Houthis capture government headquarters in Yemen's Aden

#YemenWar

After 11 days of fighting, Houthis push into new battleground to capture headquarters in southern city

A Yemeni supporter of the separatist Southern Movement stands on a tank firing during clashes with Houthis on Saturday in Aden (AFP)
MEE and agencies's picture
Last update: 
Sunday 5 April 2015 14:41 UTC
Topics: 

Houthi militias captured the provincial government headquarters in Aden on Sunday, pushing into new areas of the battleground southern city despite a Saudi-led air campaign, a local official said.

The rebel forces advanced during the night to reach the central district of Mualla where they took the local seat of government including the governor's office, said the official, who did not want to be named.

The advancing Houthis, allied with several army units that have defected, bombarded residential areas, setting fire to several buildings and damaging others, witnesses said.

Residents reported casualties and said dozens of families had fled their homes in the port city, the heart of which sits on an extinct volcano jutting out into the sea.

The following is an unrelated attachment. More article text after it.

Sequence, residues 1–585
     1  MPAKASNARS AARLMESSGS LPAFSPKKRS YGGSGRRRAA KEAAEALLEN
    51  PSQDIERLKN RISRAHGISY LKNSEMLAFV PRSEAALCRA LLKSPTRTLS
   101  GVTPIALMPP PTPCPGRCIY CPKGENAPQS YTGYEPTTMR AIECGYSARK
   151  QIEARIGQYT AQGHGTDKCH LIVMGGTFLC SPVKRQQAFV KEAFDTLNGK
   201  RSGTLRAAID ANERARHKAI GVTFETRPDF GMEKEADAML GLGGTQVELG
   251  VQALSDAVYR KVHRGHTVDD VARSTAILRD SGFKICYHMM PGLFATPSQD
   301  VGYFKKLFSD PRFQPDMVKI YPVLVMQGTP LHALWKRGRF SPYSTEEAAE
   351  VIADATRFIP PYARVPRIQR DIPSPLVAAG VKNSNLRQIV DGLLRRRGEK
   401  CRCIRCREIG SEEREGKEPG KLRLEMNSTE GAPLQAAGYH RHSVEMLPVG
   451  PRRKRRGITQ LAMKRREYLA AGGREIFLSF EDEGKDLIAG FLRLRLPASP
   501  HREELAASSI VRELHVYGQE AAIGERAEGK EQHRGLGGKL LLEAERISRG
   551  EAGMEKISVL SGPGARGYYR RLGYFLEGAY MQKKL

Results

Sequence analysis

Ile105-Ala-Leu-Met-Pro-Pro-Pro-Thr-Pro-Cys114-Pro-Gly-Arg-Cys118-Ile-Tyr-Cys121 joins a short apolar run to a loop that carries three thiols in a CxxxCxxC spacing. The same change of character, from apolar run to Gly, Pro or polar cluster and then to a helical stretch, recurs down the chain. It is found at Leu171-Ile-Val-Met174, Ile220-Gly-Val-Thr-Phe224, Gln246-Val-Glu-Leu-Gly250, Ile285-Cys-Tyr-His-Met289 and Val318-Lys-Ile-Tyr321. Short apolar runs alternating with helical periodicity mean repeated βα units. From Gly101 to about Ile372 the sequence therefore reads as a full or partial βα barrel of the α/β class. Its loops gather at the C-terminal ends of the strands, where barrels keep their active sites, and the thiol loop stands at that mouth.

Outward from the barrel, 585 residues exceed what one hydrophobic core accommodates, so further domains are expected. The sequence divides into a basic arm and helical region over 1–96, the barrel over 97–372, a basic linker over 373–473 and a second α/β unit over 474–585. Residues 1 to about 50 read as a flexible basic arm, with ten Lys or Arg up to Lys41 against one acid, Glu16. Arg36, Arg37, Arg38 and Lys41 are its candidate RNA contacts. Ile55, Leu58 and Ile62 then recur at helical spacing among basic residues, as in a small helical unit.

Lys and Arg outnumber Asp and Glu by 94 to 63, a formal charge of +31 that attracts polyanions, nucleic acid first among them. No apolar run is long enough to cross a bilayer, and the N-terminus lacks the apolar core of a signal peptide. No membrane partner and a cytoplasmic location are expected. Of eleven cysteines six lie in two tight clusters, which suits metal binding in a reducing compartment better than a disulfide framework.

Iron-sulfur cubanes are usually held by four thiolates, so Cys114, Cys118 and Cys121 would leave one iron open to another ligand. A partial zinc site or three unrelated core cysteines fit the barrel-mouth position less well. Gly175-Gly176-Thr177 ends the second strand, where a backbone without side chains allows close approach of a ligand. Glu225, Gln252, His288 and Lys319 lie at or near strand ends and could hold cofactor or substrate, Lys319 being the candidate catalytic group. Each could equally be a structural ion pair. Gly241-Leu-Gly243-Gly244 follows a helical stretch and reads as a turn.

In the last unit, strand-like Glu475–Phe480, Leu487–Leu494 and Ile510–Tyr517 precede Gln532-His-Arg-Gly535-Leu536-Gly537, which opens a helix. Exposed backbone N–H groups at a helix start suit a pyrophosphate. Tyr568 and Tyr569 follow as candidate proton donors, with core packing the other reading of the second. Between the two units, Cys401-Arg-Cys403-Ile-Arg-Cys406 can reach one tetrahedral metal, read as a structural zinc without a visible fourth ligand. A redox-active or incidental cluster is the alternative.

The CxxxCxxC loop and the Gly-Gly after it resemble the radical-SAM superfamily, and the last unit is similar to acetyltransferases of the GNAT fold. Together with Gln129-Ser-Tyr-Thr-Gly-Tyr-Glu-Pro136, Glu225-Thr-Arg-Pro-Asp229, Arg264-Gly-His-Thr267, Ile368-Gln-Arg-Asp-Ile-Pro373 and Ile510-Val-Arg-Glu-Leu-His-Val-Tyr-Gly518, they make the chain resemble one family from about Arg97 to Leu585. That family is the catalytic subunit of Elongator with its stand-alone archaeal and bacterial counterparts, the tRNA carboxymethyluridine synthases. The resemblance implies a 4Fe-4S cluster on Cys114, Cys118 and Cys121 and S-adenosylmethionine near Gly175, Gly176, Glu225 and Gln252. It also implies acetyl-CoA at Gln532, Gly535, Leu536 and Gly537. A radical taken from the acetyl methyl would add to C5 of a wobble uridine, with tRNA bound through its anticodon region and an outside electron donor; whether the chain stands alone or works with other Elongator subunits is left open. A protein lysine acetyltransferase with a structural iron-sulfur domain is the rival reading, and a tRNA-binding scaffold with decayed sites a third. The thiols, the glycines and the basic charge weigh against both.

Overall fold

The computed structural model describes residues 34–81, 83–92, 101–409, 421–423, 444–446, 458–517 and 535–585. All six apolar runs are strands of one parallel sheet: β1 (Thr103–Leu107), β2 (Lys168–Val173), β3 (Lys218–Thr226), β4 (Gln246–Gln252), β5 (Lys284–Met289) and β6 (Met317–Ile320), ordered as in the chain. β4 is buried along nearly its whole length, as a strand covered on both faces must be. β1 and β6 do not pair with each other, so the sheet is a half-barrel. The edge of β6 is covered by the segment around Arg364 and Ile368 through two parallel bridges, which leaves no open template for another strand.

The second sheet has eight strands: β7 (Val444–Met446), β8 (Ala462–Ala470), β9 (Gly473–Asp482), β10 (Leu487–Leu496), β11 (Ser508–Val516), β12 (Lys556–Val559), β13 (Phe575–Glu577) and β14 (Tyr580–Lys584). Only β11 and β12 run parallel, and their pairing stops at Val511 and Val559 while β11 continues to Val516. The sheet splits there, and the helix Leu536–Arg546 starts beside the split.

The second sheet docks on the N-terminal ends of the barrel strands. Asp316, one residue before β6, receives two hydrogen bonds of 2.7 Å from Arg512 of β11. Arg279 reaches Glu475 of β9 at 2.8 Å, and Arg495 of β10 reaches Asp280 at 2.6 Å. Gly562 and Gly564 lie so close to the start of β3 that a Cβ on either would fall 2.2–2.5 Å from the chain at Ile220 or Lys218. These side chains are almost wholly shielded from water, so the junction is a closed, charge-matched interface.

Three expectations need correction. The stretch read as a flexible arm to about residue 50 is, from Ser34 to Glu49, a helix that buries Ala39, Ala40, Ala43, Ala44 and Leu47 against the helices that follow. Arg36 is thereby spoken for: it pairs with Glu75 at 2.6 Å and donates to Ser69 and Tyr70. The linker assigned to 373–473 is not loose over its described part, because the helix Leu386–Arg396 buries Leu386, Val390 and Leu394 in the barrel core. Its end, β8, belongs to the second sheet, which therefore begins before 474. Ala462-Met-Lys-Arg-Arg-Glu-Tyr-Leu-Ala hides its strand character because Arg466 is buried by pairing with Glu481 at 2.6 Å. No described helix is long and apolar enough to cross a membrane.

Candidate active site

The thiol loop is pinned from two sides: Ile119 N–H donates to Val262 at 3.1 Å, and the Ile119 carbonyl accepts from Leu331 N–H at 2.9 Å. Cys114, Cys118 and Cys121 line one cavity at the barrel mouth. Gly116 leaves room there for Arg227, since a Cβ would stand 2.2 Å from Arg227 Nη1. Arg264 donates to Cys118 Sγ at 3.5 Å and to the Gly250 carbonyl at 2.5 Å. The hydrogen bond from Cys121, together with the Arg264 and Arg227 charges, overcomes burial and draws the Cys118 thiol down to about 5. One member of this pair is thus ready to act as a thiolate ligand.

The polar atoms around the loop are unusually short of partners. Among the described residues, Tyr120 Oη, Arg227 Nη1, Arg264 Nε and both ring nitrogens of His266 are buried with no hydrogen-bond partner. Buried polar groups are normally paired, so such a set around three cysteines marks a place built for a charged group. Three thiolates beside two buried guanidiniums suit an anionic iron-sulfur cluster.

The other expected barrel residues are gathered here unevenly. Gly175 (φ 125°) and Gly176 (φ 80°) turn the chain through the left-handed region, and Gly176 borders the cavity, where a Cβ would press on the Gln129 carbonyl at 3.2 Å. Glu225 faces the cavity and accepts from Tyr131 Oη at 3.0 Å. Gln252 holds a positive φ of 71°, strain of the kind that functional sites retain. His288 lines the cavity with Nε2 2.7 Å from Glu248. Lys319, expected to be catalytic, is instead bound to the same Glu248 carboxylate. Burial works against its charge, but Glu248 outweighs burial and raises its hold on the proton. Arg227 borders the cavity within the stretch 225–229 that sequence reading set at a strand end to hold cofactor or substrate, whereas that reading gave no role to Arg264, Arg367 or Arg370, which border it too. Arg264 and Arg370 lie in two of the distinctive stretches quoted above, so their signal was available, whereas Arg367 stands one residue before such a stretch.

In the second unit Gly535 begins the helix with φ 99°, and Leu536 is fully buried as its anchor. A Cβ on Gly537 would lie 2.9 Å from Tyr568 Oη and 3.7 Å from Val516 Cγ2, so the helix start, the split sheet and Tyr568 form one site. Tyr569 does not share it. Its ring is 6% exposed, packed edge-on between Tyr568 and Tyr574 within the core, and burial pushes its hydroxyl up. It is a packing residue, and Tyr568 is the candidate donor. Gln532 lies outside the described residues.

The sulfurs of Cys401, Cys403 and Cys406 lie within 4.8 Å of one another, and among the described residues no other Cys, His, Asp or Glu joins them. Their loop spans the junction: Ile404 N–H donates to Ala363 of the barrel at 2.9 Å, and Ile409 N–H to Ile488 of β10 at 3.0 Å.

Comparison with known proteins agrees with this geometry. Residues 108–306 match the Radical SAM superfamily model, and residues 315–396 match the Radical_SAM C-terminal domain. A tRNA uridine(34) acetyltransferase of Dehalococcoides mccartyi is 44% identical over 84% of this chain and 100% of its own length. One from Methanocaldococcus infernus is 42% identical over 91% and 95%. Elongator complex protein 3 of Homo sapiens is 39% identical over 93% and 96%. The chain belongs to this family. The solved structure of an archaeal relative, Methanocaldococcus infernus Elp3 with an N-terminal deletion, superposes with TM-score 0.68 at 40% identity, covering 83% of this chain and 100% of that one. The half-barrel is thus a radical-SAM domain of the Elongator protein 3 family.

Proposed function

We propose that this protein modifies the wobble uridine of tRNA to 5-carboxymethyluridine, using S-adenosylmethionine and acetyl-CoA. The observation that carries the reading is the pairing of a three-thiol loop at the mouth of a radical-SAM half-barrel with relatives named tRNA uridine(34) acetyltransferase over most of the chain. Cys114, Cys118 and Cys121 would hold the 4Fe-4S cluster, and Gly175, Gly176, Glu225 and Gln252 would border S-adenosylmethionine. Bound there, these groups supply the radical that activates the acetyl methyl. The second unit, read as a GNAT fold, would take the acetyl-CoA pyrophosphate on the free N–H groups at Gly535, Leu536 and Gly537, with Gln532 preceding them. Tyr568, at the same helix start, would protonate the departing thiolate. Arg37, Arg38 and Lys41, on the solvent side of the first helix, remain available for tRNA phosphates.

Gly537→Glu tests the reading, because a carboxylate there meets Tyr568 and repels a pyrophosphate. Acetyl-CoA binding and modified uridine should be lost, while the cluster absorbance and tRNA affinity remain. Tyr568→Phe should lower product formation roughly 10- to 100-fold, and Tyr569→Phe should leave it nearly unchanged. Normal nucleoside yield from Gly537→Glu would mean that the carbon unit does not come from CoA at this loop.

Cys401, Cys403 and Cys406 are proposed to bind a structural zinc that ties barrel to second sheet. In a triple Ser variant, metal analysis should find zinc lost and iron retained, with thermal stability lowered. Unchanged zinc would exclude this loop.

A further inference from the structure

Basma Qassim, a 20 year old sociology student, previously described to Middle East Eye the effect of the bombs in Aden.

"I saw this orange and red flare, then I heard a boom; it shook my house," she said, adding that the Houthis had embedded themselves in the city. "The problem is that the Houthis are situated in every area...They're hiding weapons in the basement of restaurants."

The Houthis advanced to near the port of Mualla, which is defended by militiamen of "popular committees" loyal to President Abd Rabbo Mansur Hadi, who has fled to neighbouring Saudi Arabia.

"Snipers, who took position on the roofs of provincial government buildings, targeted passersby and members of the popular committees," pro-Hadi fighter Khalid Bashaea told AFP.

At least 185 people are reported to have been killed in the fighting in Aden between supporters and opponents of the president.

The Houthis, who hail from the country's mountainous northern area, overran the capital Sanaa in September and launched a power takeover in February, prompting Hadi to take refuge in Aden.

He left for Saudi Arabia last month as the Houthis and allied army units loyal to ex-president Ali Abdullah Saleh approached Aden, among the last footholds of Hadi supporters.

The Houthis seized the hilltop presidential palace in Aden on Thursday but soon retreated after air strikes by the Saudi-led coalition, which has been bombarding Houthi positions around the country for the past 11 days.

The coalition has also airdropped weapons to fighters supporting Hadi in the southern city.